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An excerpt from www.HouseOfNames.com archives copyright 2000 - 2017


The lineage of the name Ashwith begins with the Anglo-Saxon tribes in Britain. It is a result of when they lived in the chapelry named Ashworth anciently spelt Asseheworth in Lancashire. Despite the small size of this town (only 233 in the 1861 census) many of the surname have florished since that time. The first part of the name, Ash, was originally given to a person who resided in an area where ash trees flourished. Now there are numerous parishes and townships called Ashworth in many counties and there are also various minor localities of this same name from which smaller lines of the name may have emerged.

Ashwith Early Origins



The surname Ashwith was first found in Lancashire at Ashworth, a parochial chapelry, in the parish of Middleton, union of Bury, hundred of Salford. "A family named Ashworth was seated here as early as the 13th century, and appears to have been succeeded by the Holts." [1]CITATION[CLOSE]
Lewis, Samuel, A Topographical Dictionary of England. Institute of Historical Research, 1848, Print.

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Ashwith Spelling Variations


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Ashwith Spelling Variations



Only recently has spelling become standardized in the English language. As the English language evolved in the Middle Ages, the spelling of names changed also. The name Ashwith has undergone many spelling variations, including Ashworth, Asworth, Ashworthe and others.

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Ashwith Early History


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Ashwith Early History



This web page shows only a small excerpt of our Ashwith research. Another 163 words (12 lines of text) are included under the topic Early Ashwith History in all our PDF Extended History products and printed products wherever possible.

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Ashwith Early Notables (pre 1700)


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Ashwith Early Notables (pre 1700)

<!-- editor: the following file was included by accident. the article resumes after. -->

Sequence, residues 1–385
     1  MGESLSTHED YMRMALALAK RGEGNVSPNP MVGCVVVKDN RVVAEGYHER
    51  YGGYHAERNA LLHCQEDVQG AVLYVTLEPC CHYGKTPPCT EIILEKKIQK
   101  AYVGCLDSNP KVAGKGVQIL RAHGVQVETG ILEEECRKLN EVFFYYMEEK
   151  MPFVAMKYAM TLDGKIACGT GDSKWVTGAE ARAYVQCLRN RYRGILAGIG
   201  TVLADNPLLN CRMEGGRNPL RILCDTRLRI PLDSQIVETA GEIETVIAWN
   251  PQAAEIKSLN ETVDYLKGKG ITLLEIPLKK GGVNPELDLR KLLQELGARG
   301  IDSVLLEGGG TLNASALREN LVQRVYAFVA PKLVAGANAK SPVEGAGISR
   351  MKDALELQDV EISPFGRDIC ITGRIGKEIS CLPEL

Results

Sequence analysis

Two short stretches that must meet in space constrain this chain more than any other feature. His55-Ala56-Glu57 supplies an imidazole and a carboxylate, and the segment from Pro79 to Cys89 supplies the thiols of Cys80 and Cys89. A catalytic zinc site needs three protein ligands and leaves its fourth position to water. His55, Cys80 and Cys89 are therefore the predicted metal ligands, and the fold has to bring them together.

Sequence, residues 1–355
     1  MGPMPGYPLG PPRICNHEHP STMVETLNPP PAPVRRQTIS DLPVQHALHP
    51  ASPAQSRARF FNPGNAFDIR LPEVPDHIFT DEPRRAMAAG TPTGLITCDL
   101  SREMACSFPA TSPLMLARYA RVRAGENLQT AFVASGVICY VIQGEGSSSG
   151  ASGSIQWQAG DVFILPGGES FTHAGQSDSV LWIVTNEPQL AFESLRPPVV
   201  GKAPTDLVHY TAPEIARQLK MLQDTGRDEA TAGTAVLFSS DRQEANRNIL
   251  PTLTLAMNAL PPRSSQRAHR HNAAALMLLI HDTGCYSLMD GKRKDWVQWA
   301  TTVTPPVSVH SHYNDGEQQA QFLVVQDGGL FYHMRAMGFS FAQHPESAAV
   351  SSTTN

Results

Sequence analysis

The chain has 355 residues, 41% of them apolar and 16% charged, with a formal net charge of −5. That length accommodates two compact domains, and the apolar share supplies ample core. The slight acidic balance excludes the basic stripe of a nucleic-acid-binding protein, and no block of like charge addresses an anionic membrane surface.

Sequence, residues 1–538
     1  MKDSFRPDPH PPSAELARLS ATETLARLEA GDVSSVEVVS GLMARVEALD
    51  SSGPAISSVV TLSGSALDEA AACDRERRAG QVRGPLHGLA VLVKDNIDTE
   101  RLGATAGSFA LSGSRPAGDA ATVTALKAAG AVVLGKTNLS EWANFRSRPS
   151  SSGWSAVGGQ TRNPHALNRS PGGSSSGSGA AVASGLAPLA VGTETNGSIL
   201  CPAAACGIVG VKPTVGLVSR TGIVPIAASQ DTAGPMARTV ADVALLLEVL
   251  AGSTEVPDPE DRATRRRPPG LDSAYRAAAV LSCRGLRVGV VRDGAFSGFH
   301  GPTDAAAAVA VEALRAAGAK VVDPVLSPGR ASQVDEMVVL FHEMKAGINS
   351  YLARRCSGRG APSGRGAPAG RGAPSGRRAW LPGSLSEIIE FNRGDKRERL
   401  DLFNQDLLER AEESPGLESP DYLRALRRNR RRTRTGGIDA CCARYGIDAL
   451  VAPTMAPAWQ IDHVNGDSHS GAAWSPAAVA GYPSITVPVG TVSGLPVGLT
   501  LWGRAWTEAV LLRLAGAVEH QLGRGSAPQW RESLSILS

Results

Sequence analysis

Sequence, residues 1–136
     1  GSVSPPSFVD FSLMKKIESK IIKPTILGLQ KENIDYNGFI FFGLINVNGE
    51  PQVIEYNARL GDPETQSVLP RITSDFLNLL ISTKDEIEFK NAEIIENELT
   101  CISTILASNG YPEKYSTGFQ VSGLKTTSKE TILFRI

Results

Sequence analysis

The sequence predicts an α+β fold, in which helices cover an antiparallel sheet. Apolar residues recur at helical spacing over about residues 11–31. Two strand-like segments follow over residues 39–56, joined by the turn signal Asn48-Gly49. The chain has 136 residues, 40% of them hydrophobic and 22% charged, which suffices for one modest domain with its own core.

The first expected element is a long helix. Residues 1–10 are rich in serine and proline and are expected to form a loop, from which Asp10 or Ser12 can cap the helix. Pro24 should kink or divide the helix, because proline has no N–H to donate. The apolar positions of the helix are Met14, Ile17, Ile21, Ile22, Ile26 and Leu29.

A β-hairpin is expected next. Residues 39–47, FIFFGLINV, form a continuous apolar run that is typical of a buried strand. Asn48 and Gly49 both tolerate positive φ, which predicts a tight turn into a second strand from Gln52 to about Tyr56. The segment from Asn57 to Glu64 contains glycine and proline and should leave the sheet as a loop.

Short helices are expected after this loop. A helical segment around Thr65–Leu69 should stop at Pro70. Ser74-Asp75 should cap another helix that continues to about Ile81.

More information is included under the topic Early Ashwith Notables in all our PDF Extended History products and printed products wherever possible.

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The Great Migration


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The Great Migration



Some of the first settlers of this family name were:

Ashwith Settlers in Australia in the 19th Century

  • Elizabeth Ashwith, aged 20, a dress maker, who arrived in South Australia in 1859 aboard the ship "Escort"

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Motto


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Motto



The motto was originally a war cry or slogan. Mottoes first began to be shown with arms in the 14th and 15th centuries, but were not in general use until the 17th century. Thus the oldest coats of arms generally do not include a motto. Mottoes seldom form part of the grant of arms: Under most heraldic authorities, a motto is an optional component of the coat of arms, and can be added to or changed at will; many families have chosen not to display a motto.

Motto: Appetitus rationi pareat
Motto Translation: Let your desires obey your reason.


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Ashwith Family Crest Products


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Ashwith Family Crest Products




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See Also


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See Also




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Citations


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Citations



  1. ^ Lewis, Samuel, A Topographical Dictionary of England. Institute of Historical Research, 1848, Print.

Other References

  1. Foster, Joseph. Dictionary of Heraldry Feudal Coats of Arms and Pedigrees. London: Bracken Books, 1989. Print. (ISBN 1-85170-309-8).
  2. Shirley, Evelyn Philip. Noble and Gentle Men of England Or Notes Touching The Arms and Descendants of the Ancient Knightley and Gentle Houses of England Arranged in their Respective Counties 3rd Edition. Westminster: John Bowyer Nichols and Sons, 1866. Print.
  3. Colletta, John P. They Came In Ships. Salt Lake City: Ancestry, 1993. Print.
  4. Chadwick, Nora Kershaw and J.X.W.P Corcoran. The Celts. London: Penguin, 1790. Print. (ISBN 0140212116).
  5. Library of Congress. American and English Genealogies in the Library of Congress. Baltimore: Genealogical Publishing, 1967. Print.
  6. MacAulay, Thomas Babington. History of England from the Accession of James the Second 4 volumes. New York: Harper and Brothers, 1879. Print.
  7. Crozier, William Armstrong Edition. Crozier's General Armory A Registry of American Families Entitled to Coat Armor. New York: Fox, Duffield, 1904. Print.
  8. Robb H. Amanda and Andrew Chesler. Encyclopedia of American Family Names. New York: Haper Collins, 1995. Print. (ISBN 0-06-270075-8).
  9. Williams, Dr Ann. And G.H. Martin, Eds. Domesday Book A Complete Translation. London: Penguin, 1992. Print. (ISBN 0-141-00523-8).
  10. Filby, P. William and Mary K Meyer. Passenger and Immigration Lists Index in Four Volumes. Detroit: Gale Research, 1985. Print. (ISBN 0-8103-1795-8).
  11. ...

The Ashwith Family Crest was acquired from the Houseofnames.com archives. The Ashwith Family Crest was drawn according to heraldic standards based on published blazons. We generally include the oldest published family crest once associated with each surname.

This page was last modified on 9 March 2016 at 15:13.

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